Guedj's paper entitled "18F-FDG brain PET hypometabolism in patients with long COVID" in the European Journal of Nuclear Medicine and Molecular Imaging Jan 2021

They looked at PET scans of 35 patients with long COVID (tested positive on PCR) and compared them to 44 healthy subjects controlled for age and sex. Patients were scanned at more than 3 weeks after initial acute symptoms in those who had persisting ongoing symptoms. All were scanned at the same medical centre.

They found that, in comparison to healthy subjects, patients with long COVID exhibited bilateral hypometabolism.

Bilateral - meaning both sides of the brain

Hypometabolism - characterized by decreased glucose consumption in the cells. A simpler way to look at it is a decrease in the brain activity.

They found this feature in:

  • The olfactory bulb - this is a rounded mass of tissue that contains several types of nerve cells that are involved in the sense of smell. The olfactory bulbs receive information about smells from the nose and send it to the brain by way of the olfactory tracts.

  • The limbic/paralimbic area - this is the part of the brain involved in our behavioural and emotional responses, especially when it comes to behaviours we need for survival: feeding, reproduction and caring for our young, and fight or flight responses.

  • The brainstem - autonomic functions such as heart rate, digestion, respiratory rate, pupillary response, sleep, urination, and sexual arousal.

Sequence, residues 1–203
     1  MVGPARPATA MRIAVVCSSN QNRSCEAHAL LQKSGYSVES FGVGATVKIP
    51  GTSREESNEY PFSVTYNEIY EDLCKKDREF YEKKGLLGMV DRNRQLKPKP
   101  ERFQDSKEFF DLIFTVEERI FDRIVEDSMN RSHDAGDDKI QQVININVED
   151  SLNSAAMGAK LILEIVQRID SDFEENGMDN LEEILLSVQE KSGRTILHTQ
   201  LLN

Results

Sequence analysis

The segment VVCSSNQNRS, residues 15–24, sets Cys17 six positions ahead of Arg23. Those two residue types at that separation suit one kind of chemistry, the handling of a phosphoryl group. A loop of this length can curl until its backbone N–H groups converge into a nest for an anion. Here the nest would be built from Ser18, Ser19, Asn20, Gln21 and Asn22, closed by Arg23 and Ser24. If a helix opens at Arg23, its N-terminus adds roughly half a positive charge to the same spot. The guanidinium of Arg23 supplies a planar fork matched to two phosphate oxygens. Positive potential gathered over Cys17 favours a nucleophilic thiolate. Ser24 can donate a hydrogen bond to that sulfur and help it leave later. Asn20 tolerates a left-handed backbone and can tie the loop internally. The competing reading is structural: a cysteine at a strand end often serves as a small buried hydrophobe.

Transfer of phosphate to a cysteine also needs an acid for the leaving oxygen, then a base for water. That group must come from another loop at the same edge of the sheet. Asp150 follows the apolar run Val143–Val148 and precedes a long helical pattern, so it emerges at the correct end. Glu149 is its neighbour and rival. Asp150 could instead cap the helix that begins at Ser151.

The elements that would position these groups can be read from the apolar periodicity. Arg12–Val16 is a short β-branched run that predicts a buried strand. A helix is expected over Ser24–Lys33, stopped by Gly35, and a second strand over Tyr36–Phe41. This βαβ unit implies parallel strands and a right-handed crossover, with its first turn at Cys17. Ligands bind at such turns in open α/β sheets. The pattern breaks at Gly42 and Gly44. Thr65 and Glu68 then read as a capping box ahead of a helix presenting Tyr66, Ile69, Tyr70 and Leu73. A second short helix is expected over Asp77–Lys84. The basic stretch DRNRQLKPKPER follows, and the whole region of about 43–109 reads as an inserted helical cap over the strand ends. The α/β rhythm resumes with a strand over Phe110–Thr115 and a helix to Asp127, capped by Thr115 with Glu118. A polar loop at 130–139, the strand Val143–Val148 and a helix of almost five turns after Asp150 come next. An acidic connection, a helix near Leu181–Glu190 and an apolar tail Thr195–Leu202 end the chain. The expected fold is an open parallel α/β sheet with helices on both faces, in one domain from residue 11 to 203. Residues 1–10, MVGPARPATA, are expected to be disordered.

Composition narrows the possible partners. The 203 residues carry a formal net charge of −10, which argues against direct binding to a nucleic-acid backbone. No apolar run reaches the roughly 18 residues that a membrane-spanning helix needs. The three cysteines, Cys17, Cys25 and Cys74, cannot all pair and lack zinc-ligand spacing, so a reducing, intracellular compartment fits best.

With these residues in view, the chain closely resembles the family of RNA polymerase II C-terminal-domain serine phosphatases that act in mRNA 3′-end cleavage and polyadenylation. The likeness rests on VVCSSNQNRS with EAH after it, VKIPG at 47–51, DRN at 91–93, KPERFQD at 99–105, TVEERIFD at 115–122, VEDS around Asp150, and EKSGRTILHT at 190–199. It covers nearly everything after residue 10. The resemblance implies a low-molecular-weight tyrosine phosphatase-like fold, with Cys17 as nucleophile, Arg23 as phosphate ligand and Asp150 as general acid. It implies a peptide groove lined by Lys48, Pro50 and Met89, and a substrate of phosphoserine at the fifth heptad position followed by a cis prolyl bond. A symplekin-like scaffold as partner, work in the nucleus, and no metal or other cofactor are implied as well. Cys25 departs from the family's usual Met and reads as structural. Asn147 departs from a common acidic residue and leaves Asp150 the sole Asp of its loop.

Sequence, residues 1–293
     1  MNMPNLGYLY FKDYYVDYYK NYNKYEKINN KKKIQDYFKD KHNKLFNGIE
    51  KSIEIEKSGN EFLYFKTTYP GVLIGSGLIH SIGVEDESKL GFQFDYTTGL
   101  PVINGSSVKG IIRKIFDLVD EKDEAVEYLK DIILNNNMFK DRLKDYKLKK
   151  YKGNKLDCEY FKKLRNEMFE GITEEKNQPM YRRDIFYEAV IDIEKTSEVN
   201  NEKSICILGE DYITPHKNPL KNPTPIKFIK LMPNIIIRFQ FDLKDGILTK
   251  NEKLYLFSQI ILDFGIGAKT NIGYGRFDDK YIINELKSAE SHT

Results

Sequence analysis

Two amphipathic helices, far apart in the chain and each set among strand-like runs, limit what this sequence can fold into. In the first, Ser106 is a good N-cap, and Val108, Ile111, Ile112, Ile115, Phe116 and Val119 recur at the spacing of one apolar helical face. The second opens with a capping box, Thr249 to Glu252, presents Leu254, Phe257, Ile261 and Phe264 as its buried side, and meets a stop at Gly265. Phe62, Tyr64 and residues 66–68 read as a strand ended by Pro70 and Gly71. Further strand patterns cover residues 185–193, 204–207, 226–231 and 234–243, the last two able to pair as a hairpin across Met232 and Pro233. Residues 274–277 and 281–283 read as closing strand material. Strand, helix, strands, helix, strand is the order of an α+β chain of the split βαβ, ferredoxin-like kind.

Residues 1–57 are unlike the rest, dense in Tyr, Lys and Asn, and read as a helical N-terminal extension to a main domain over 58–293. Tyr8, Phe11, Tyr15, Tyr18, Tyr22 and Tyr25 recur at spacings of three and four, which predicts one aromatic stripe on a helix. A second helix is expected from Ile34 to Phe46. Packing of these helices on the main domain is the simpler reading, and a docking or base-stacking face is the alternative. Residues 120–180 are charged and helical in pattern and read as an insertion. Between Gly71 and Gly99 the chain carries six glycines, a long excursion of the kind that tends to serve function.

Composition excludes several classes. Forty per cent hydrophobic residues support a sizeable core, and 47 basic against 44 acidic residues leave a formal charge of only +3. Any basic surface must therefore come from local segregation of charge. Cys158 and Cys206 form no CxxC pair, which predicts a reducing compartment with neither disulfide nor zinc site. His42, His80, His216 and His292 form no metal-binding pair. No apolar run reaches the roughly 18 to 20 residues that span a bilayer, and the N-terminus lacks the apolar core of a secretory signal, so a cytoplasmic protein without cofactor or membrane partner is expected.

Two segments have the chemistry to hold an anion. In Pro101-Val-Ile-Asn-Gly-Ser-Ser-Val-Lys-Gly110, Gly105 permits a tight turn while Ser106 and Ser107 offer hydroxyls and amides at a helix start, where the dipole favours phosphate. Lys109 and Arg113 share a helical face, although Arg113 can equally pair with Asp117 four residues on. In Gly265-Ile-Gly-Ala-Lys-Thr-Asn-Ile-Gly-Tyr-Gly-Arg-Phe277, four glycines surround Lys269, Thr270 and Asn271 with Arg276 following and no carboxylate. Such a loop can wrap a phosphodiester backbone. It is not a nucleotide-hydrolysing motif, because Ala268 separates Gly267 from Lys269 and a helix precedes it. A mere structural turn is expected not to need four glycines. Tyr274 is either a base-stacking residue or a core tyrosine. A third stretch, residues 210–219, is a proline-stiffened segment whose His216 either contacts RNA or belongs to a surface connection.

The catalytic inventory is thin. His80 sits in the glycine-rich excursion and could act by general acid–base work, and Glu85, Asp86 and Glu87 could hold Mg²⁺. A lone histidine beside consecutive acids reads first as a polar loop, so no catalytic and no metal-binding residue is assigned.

• The cerebellum - coordination, precision and timing of movements, balance.

These hypometabolic clusters were highly discriminant to Long Covid sufferers. To explain this another way one could look at a PET scan with the above features and know that that patient would definitely have Long Covid, and you would be right 100% of the time!

These clusters of hypometabolism were significantly associated with those who had more functional complaints (brainstem and cerebellar clusters), and ALL associated with the occurrence of certain symptoms (hyposmia/anosmia, memory/cognitive impairment, pain and insomnia).

In a preliminary analysis the researchers found that those with olfactory symptoms had worse metabolism if they were treated with ACE drugs for high blood pressure and better in the 3 patients that had used nasal decongestant spray at the infectious stage. They suggest, as does Yong, that the ACE receptors are an olfactory gateway for viral tropism.

The researchers felt that these hypometabolisms were closely associated with the patients’ symptoms and so doctors would be able, through the use of PET scans, to identify these patients and potentially follow them up.

Some long haulers with persisting neurological symptoms or cognitive dysfunction are having a MRI scan of the brain which are reported as normal. As PET scans can determine between normal controls and those with long Covid with 100% accuracy, and can highlight areas of the brainstem which are not functioning causing a myriad of diverse symptoms, I am hoping that these two papers will attract more scientific interest and research in a currently neglected area of Long Covid.

* not yet peer reviewed and published